En EspaŅol

Q. Who is Mr. Smarty Plants?

A: There are those who suspect Wildflower Center volunteers are the culpable and capable culprits. Yet, others think staff members play some, albeit small, role. You can torture us with your plant questions, but we will never reveal the Green Guru's secret identity.

Help us grow by giving to the Plant Database Fund or by becoming a member

Did you know you can access the Native Plant Information Network with your web-enabled smartphone?

Share

Ask Mr. Smarty Plants

Ask Mr. Smarty Plants is a free service provided by the staff and volunteers at the Lady Bird Johnson Wildflower Center.

Search Smarty Plants
    
 
See a list of all Smarty Plants questions
Can't find the answer in our existing FAQs, submit a question to Mr. Smarty Plants.
Need help with plant identification, visit the plant identification page.
 
rate this answer
Not Yet Rated

Monday - March 28, 2011

From: Bowling Green, KY
Region: Mid-Atlantic
Topic: General Botany
Title: How is native range changed in the scientific record?
Answered by: Joe Marcus

QUESTION:

I am accessioning Pachysandra procumbens for the Baker Arboretum. These plants were made from cuttings of a native stand here in Warren County (Western KY). How does the record get amended to reflect a greater native distribution?

ANSWER:

Scientific data, such as botanical names, physical characteristics and species range, are all entered into the literature through valid publication.  This usually means that an article is published in a scientific (peer reviewed) journal or other publication, though valid publication can sometimes be accomplished in other ways such as publication of scholarly books or presentation of papers at scientific conferences.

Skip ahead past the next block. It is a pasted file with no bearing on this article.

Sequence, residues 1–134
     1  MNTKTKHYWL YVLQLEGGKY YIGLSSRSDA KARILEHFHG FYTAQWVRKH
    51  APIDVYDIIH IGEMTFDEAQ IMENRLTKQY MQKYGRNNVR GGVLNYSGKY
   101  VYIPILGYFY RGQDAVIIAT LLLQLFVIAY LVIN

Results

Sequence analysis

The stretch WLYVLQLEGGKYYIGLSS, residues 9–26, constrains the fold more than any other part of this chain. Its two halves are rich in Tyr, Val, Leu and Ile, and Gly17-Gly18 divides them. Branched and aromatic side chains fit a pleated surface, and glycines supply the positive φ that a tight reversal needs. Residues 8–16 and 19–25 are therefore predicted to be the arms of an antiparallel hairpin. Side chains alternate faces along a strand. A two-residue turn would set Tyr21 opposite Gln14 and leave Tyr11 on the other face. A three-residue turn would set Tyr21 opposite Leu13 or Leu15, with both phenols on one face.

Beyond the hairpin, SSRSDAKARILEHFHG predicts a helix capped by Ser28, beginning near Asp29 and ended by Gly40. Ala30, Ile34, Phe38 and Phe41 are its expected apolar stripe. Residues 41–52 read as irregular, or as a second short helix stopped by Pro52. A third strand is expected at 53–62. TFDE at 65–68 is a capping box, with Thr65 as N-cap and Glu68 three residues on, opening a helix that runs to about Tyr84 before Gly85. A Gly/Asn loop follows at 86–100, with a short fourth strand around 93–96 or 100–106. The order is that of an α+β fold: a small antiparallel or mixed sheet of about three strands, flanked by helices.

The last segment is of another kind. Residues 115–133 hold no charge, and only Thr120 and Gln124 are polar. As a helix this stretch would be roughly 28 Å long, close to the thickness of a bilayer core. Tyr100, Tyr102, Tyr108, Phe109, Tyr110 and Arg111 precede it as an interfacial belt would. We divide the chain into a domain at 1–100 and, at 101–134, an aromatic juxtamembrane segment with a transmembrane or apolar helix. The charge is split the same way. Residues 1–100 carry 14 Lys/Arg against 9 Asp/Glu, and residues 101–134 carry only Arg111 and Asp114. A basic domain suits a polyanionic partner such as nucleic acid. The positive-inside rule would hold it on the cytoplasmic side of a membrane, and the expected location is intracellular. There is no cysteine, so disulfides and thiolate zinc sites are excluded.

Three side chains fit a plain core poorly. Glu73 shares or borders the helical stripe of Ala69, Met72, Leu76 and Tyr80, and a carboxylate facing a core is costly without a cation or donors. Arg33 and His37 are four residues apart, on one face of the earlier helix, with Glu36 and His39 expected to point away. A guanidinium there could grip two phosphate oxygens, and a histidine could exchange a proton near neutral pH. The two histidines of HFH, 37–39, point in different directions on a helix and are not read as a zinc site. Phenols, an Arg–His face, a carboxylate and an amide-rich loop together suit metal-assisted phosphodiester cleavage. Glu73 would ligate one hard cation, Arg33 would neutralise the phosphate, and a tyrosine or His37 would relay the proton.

Native range information can also be increased by collection, cataloging and preservation of herbarium specimens.  Databased herbarium specimens are the basis for most scientifically valid range maps.  For example, the range map for Pachysandra procumbens (Allegheny spurge) on the USDA Plants web page for Kentucky shows the species as occuring in Warren County as well as a number of other counties.  As herbaria add wild-growing specimens collected from other counties and states, the information about those new data eventually make their way into the scientific literature and onto online range maps.

 

More General Botany Questions

Growth on top of Echinacea purpurea (Eastern purple coneflower)
July 03, 2012 - I grow purple coneflowers in my garden. ONE plant has something growing on the top of each cone. I would like to know what it is but I don't see how I can add a photo to this post.
view the full question and answer

Smarty Plants on science projects
October 24, 2005 - Hello, i am a 6th grade student at a middle school in GA. I am doing a science project and my question is, "Does music affect plant growth?" Is there a plant that would work best for me to experiment...
view the full question and answer

Least common flower color
June 14, 2008 - What is the least common flower color in the world?
view the full question and answer

Source for DNA sequencing of Opuntia species
March 04, 2014 - Hi Mr. Smarty Plants, I am trying to do a Opuntia speciation study, and rather just identifying the species by morphological comparison, I would also like to go a little deeper by comparing the DNA...
view the full question and answer

Plants addicted to caffeine
February 28, 2009 - Im doing a science project on if plants can get addicted to caffeine, but coffee in general and i was wondering what materials you need to figure that out.
view the full question and answer

Smarty Plants's Facebook profile Support the Wildflower Center by Donating Online or Becoming a Member today.

Mr. Smarty Plants wants you to be his Facebook friend. Click the Facebook icon to add yourself to Mr. Smarty Plants list of friends.
E-NEWSLETTER | BECOME A MEMBER | DONATE NOW | MEDIA | SITEMAP
© 2014 Lady Bird Johnson Wildflower Center